After what feels like an eternity I’m getting round to the all-important revisions for my urban fantasy novella, What Sweet Music They Make. I’ve had to come to terms with the fact that I’m not superwoman, and that I cannot write new works in progress while revising AND still try to keep on top of my editing obligations for Lyrical Press. And while this all happens, I’m still beta-reading for my fellow authors, reviewing books and writing blog posts and newspaper articles.
There’s more than enough work present to keep me out of mischief. What’s worse is that my revisions have been piling up. I still have my steampunk novel featuring vampires and pirates waiting in the wings, not to mention some hard decisions about revising Camdeboo Nights, my only foray into YA urban fantasy. So the buck stops here. I’m in revision mode. I’ve just completed second-round edits on Hell’s Music, my next Therése von Willegen novel, so I have no excuses keeping me from the other titles languishing in the wings.
I had fun writing What Sweet Music They Make. It combines two of my greatest loves: vampires and music. The story is a dip into the same setting where my current Lyrical release, The Namaqualand Book of the Dead kicks off. I’ve spent time working out how vampires function in my milieu and the reason why there are always fewer vampires than mortals. C’mon, we can’t all be undead and sparkly.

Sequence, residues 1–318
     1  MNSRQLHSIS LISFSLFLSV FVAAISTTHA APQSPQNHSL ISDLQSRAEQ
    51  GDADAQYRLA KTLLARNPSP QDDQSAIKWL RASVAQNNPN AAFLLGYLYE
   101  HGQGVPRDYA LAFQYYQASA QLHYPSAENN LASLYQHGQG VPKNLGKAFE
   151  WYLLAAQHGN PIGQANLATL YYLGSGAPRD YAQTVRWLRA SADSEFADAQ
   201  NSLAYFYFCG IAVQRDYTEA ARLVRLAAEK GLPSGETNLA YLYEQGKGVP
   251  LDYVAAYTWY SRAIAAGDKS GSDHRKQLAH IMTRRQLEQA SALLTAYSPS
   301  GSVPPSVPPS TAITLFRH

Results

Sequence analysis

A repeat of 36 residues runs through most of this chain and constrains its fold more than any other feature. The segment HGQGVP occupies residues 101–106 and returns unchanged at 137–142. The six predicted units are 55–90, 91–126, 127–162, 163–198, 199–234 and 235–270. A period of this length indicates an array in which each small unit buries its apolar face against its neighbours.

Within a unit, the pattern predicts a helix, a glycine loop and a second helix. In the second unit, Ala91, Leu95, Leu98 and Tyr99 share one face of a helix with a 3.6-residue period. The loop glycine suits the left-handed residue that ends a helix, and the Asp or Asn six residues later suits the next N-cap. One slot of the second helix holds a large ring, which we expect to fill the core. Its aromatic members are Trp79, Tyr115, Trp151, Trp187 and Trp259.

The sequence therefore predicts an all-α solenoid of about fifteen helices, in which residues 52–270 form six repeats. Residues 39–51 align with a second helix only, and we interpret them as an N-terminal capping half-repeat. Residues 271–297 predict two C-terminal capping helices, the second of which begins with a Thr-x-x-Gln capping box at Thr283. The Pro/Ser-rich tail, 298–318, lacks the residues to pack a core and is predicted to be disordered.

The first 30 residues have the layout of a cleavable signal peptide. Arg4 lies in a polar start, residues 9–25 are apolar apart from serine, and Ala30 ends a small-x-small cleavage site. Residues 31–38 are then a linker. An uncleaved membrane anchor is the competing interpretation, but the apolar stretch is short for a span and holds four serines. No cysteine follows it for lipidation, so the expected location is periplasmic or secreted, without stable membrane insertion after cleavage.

Jokes aside, my vampires don’t sparkle. And after many decades, most of them lose the taste for immortality, though they remain tenacious, anachronisms in many cases.
I’ve had some great feedback from my betas so far. Two chapters need to bite the dust at the start. This doesn’t pain me as much as I’d have thought, because I’ll be releasing the first chapter as a freebie prologue in anticipation of the story’s actual release. Yes, yes… I know I haven’t sold the story yet, but that’s the least of my worries. What I do know is that I’ll need to add additional material near the end, and the epilogue may go the way of most prologues upon submission.
This is the fun part of revising, where the novella is still fluid, where I can tweak and layer, make people care more about my characters. And you know what? I’m in no mood to rush, either. I’m going to savour this time where I can return to the world of Severin and Tersia, and groom them into memorable characters.
Follow me on Twitter @nerinedorman or like my Facebook author page: http://www.facebook.com/pages/Nerine-Dorman-author/173330419365374?v=wall